We would like more people to discover the uniqueness of Österåsen. During 2022, there will be guided walks, music events, speakers and much more.
Events 2022 – See “Kalendarium”
Professor emeritus Gunnar Boman
“Österåsen is the most beautiful sanatorium in Sweden and exceptionally well suited for the problems of today.”
Gunnar Boman grew up in several sanatorium environments, including Solliden and Skogsfjällets sanatoria as well as the Jubilee sanatorium Hålahult where his father Åke Boman worked as a physician. Gunnar Boman’s interest in tuberculosis was established at an early age and eventually led to medical studies and specialisation within Lung Medicine. In 1969 Gunnar Boman started working in the lung department at Karolinska Hospital in Stockholm. He was professor at Akademiska Hospital in Uppsala for many years, where he also introduced the concept of “sleep apnea”. He is active in the International Union of Tuberculosis and board member of the Heart-Lung Foundation as well as Konung Oscar II Jubilee Foundation. Åke Hanngren, patient and artist at Österåsen, became professor in lung medicine at Karolinska where he supervised Gunnar Boman’s doctoral dissertation and eventually became his boss. Hanngren advanced from patient to doctor; not an unusual career path in that generation as many physicians had contracted tuberculosis.
Source: Swedish Lung Medicine Association, Medicine History Association Westmannia
Österåsen as a vision through the eyes of the artist Michael Hardt
On November 6th 2021, we had the pleasure of being in the spectacular meeting hall to listen to the designer, artist and philosopher Michael Hardt talking about Österåsen from my perspective. After a career as businessman and academic in France and Germany, Michael and his wife bought a small property and settled down in a little village, Runeåberg in Sollefteå municipality.
During the summer of 2021, his exhibition comprising thirty-five paintings of Österåsen from different perspectives was on display in the art gallery at Sollefteå Town Library. “Don’t see Österåsen as a problem, see Österåsen as a solution” were the words which were on display at the art exhibition. It could just as well have read, “See Österåsen as a vision”.
Österåsen sanatorium was inaugurated in 1901 when TB was at a peak. The sanatorium was built as a vision for something better. Österåsen is not a hospital. It is a stately home, designed by the famous castle architect Fredrik Lilljeqvist, in perfect harmony with its surroundings.
The former director, Doctor Helge Dahlstedt, and his wife, Eva, had a magnificent vision. Between 1919 and 1952 they built up a large art collection and created the most interesting and most respected sanatorium in Sweden, appreciated by artists and intellectuals who were able to realise their creative talent.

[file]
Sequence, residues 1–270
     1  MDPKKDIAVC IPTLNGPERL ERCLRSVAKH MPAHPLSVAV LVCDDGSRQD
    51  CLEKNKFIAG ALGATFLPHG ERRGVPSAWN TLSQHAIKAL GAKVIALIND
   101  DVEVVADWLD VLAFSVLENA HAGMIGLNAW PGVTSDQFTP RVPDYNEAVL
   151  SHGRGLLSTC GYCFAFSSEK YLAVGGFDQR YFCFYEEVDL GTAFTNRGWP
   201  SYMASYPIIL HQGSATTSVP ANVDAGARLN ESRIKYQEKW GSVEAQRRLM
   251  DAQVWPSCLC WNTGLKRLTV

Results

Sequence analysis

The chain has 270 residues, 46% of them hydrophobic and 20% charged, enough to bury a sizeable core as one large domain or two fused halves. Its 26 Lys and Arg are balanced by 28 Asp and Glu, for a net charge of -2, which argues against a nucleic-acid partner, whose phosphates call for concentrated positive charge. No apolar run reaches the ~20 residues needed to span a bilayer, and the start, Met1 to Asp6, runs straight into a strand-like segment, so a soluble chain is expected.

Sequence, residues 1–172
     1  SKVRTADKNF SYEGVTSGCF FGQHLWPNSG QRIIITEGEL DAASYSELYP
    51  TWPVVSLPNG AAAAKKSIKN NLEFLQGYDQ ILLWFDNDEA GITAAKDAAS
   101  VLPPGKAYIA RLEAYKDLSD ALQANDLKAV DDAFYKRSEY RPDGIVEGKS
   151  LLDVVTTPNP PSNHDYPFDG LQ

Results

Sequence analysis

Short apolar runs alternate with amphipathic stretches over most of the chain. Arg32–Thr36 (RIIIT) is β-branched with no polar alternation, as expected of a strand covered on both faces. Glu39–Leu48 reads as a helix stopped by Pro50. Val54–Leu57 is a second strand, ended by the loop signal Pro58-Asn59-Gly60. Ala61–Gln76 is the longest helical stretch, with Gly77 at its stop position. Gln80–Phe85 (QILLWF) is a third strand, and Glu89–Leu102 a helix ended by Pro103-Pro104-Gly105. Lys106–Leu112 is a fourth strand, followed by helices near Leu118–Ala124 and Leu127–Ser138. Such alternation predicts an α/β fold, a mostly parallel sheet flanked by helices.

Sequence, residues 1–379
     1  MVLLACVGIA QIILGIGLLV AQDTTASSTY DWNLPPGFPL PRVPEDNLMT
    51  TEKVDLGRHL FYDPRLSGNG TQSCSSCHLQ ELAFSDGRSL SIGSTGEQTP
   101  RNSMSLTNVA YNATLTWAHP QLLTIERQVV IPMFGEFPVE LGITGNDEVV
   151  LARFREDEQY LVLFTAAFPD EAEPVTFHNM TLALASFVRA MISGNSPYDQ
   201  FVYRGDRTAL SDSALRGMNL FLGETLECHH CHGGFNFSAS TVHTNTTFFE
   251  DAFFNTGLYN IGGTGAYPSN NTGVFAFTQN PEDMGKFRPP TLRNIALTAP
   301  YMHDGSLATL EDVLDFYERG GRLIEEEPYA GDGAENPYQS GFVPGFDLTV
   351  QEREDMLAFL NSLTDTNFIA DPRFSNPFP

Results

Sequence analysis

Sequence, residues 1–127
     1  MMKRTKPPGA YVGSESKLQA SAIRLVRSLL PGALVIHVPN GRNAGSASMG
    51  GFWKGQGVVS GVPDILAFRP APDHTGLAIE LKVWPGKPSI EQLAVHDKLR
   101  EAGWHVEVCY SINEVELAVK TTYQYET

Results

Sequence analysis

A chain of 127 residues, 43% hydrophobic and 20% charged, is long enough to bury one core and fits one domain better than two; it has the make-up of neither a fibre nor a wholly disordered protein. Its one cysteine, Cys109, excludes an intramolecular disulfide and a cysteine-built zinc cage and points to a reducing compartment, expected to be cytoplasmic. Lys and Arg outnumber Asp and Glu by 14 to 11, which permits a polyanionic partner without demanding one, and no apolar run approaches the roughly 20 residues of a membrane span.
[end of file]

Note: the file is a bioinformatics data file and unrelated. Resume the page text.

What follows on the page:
Michael Hardt described a situation in Frauenkirche in Dresden which was bombed in February 1945 during WW2 and the ruins of which were destined to become a monument of peace.
But a group of people, with no money, no knowledge and no authority, had a different idea. They had a vision of a living church. And, since 2005 Frauenkirche is once again standing as proof of what is possible to do with a vision – and 1.8 billion kronor. Österåsen is an artistic work of landscape architecture, a historical monument, an art museum, a national monument, a medical historical museum and a cultural meeting place as well as a centre for Lifestyle Medicine. It has fantastic potential. The vision of a better life and a better future continues.
By Hervor Sjödin
Michael Hardt was presented with flowers and praise by Gunilla Rudehill, former town architect in Sollefteå
A group of keen gardeners and others gathered at Österåsen on a beautiful, sunny Autumn day.
Hasse from Norrlands Tulpaner planted tulip bulbs that will grow here and flower in the Spring.
Who would believe that “weed control” was so fascinating. Gardeners Alvar Eriksson and Jens from Österåsen Garden Centre showed us completely new aspects of our most common weeds. We learnt about the exciting history of the place, received advice on how to work more ergonomically in the garden and tips on suitable exercises after a day in the garden.
Now we look forward to a new gardening day in the Spring.